Anthropology on the War Front

Posted by on October 22nd, 2007 |

Filed in News | 2 Comments »

The New York Times recently ran an article describing a U.S. Department of Defense program that embeds groups of anthropologists and other social scientists with combat brigades deployed to Afghanistan and Iraq. This article suggests that combat operations, and civilian casualties, have dramatically decreased since the arrival of anthropologists, leaving the military more time for security, peacekeeping, and reconstruction efforts.

Anthropologists have always worked in some capacity with the U.S. government, which has led to numerous ethical crises within the discipline in the last century. Franz Boas, considered a founder of American anthropology, was famously censured by the American Anthropological Association for writing a letter to political journal The Nation in 1919 exposing the spying activities of anthropologists in the field. Anthropologist David Price describes the story behind Boas’s censure, anthropology’s role in the history of American intelligence activities, and the state of contemporary anthropological ethics on this matter.

However, the anthropologists described in the New York Times piece are presumably not pretending to conduct research while actually spying for clandestine services. The article describes some of the ways that anthropologists have contributed to military goals by investigating the problems (poverty, land disputes) facing communities caught in a war zone.

What are the ethical decisions related to working under the aegis of U.S. Army brigades in a combat environment? What if your training contributes to the death and injury of others, but contributes to the military’s success? What if your insights are responsible for decreasing the need for combat operations? How might medical anthropology serve the good of all in a war zone?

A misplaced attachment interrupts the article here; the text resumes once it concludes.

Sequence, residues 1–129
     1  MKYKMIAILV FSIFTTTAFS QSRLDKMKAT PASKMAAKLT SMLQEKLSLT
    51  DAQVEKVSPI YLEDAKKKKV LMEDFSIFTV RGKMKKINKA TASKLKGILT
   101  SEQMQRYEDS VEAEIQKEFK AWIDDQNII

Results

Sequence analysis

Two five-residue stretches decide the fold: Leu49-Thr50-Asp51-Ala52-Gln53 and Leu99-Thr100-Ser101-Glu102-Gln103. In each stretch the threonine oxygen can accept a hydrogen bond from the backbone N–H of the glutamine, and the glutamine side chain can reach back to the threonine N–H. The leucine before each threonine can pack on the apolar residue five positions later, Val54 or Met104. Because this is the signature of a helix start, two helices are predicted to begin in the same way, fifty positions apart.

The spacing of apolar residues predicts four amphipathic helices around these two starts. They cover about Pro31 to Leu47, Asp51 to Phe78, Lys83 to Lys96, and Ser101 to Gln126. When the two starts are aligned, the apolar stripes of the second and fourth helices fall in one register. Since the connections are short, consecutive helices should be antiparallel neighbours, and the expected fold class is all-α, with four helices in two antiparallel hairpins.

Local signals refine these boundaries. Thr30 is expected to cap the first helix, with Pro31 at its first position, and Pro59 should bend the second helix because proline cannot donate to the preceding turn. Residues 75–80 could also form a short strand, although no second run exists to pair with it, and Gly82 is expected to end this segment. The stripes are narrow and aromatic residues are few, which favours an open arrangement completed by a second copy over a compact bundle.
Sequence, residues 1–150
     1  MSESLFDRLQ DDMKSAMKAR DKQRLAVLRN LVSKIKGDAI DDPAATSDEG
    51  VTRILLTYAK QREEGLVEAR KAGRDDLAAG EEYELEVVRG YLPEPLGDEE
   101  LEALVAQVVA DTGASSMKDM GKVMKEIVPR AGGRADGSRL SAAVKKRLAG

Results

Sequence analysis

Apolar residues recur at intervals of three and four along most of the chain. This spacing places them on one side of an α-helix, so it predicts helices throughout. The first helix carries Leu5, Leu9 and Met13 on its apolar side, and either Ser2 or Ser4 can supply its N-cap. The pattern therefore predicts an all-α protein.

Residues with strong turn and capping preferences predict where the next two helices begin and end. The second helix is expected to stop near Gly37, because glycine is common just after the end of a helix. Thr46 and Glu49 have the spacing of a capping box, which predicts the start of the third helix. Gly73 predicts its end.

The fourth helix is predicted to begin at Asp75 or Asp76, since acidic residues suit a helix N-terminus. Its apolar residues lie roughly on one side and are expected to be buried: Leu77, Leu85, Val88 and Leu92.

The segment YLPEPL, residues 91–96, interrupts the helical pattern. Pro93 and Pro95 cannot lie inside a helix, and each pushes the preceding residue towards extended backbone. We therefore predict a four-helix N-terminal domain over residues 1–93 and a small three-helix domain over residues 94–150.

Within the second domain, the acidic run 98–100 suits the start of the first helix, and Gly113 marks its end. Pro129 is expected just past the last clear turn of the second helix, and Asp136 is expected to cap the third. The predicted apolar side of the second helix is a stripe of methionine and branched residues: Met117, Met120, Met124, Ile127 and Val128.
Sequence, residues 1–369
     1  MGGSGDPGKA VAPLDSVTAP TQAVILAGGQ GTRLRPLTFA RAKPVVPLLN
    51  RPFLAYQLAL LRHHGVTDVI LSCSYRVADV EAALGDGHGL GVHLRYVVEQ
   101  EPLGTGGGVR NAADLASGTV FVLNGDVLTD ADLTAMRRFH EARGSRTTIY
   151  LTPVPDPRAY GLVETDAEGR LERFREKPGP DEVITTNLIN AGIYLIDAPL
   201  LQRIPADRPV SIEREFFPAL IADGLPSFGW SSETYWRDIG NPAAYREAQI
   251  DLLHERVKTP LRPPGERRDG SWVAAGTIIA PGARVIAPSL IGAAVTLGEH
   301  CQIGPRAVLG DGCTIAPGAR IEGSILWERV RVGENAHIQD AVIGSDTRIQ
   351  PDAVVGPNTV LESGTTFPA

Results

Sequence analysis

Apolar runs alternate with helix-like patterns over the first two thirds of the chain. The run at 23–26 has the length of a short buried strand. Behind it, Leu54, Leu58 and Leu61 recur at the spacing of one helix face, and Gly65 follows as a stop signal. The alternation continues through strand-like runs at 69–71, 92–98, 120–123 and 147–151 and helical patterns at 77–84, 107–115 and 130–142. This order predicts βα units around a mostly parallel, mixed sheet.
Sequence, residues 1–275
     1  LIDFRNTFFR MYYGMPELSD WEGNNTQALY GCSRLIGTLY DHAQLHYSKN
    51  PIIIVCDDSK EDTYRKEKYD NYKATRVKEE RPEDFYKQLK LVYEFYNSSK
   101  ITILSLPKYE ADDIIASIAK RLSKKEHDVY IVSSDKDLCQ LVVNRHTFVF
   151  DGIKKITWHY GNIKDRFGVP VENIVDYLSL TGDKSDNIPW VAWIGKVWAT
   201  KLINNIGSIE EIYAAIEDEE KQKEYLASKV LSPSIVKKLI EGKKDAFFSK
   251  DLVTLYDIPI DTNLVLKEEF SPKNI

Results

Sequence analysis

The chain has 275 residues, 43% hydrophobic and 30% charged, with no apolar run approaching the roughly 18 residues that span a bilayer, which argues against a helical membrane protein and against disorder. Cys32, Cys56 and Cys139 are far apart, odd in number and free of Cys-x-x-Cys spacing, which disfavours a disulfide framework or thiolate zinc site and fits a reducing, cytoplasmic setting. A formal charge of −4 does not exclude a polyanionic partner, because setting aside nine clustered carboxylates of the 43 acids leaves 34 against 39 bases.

Mom’s diabetes and kids’ obesity

Posted by on September 5th, 2007 |

Filed in Life course, News | 10 Comments »

Yesterday in class I mentioned a study that has been in the news this week about the links between mother’s diabetes during pregnancy and their children’s risk of obesity five to six years later. This study is the latest in a growing body of research that shows how health is influenced by early-life experiences, including exposures in utero and even in previous generations.

This work draws on life course epidemiology and on research in developmental plasticity and health. It’s a thoroughly interdisciplinary field and has a new professional society to show for it. This area of research is fertile ground for biocultural approaches to medical anthropology, because it helps us to understand how sociocultural factors impact human biology over the life course and even across generations.

Of course, news coverage of this week’s study focuses narrowly on the links between gestational diabetes and children’s subsequent weight. It doesn’t address the sociocultural factors that put women at risk of developing gestational diabetes in the first place. Where would you begin to look for answers to that question?

Racial inequalities in exposure to tobacco advertising

Posted by on August 28th, 2007 |

Filed in Health inequalities, News | 7 Comments »

Today’s New York Times has a short article about racial inequalities in exposure to tobacco advertising. The article is based on a new paper (PDF; subscription required) in Public Health Reports by Brian Primack and colleagues.

Racial inequalities in exposure to tobacco advertising

Among other things, Primack et al. identified five peer-reviewed studies that provided enough information to compute the density of tobacco advertisements by race. Pooling across these studies, Primack and colleagues found that there were 11.8 tobacco advertisements per 10,000 African American residents (95% CI 5.0-28.3), as compared to 4.5 per 10,000 white residents (95% CI 1.3-15.2). In other words, there were 2.6 times as many tobacco advertisements in predominantly black neighborhoods as there were in white ones. The confidence intervals on these estimates are large, mainly because one study of Boston neighborhoods observed a relatively small racial disparity. But even that study showed that tobacco advertisements are concentrated in predominantly poor, African American, and Latino neighborhoods.

This new paper by Primack and colleagues is important, because we know from other studies that smoking is the leading cause of disease burden in the United States. Primack and colleagues’ meta-analysis hints at how institutional racism shapes the distribution of disease in ways that people often overlook.